Leicester chosen for international space science workshop

The workshop is one of a series, acknowledged as the premier forum for astronomers from around the world with an interest in white dwarfs. This will be the second EUROWD workshop hosted in Leicester, the last being in 1992, and the meeting has been scheduled to take place a week before the International Astronomical Union (IAU) General Assembly in Prague.

White dwarfs are the dying remnant cores of stars similar to the Sun. In fact, the formation of a white dwarf is the ultimate fate of most stars up to about 8 times the mass of the Sun. Many white dwarfs are among the oldest objects in the galaxy and can be used to map out its history. The process of producing white dwarfs in recycled carbon, nitrogen and oxygen into interstellar space, which are important elements for the existence of life in the Universe.

From its beginnings in 1974, the European Workshops on White Dwarfs has developed into the most important meeting on white dwarfs worldwide. Held biannually, the last meeting was in Kiel (2004), which was also the venue of the very first workshop.

The University of Leicester is one of Europe's leading centres for space research and was awarded the Queen's Anniversary Prize for Higher and Further Education a decade ago for its world class research in space science. The University is a co-founder and a major partner in Leicester's Millennium Commission-funded National Space Centre.

Martin Barstow, Professor of Astrophysics and Space Science and Head of the Department of Physics and Astronomy at the University of Leicester commented: "The welcome return of the workshop to Leicester is a recognition of the high profile status of white dwarf research within the Leicester Department of Physics and Astronomy."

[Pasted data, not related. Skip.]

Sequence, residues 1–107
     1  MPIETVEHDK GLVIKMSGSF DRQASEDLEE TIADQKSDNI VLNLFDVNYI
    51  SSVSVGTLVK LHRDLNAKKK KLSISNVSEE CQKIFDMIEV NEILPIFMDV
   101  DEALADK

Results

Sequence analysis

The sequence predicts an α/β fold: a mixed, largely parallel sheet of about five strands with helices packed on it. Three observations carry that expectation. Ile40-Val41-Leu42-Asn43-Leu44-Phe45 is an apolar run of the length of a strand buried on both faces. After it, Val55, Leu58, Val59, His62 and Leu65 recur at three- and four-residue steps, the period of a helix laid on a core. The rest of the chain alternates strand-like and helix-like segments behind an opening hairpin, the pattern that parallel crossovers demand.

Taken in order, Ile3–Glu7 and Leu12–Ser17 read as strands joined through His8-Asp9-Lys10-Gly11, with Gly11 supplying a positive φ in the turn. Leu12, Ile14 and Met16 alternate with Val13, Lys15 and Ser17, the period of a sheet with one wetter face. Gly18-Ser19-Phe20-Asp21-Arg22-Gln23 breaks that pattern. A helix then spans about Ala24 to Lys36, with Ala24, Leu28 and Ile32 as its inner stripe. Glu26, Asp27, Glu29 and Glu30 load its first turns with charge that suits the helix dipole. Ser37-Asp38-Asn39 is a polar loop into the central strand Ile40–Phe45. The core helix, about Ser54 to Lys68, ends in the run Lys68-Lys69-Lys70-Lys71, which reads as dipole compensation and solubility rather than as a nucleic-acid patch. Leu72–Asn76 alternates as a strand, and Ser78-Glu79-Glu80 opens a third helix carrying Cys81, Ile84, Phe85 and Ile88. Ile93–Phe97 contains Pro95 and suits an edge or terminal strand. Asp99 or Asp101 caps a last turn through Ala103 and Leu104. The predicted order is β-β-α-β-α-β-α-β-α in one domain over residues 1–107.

Dr Matthew Burleigh, PPARC Advanced Fellow and Lecturer in the Department of Physics and Astronomy and Chair of the Local Organising Committee for the meeting, said: "As a young student, I helped organise the previous Leicester meeting, which fired my interest in the subject and led me to doing research in white dwarfs. Now I am even looking for planets around these stars! It is a real honour to be asked by colleagues from around the world to host the 2006 workshop, and recognises the international standing of our research."

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The 15th European White Dwarf Workshop is supported by the Royal Astronomical Society (RAS) and the National Space Centre.


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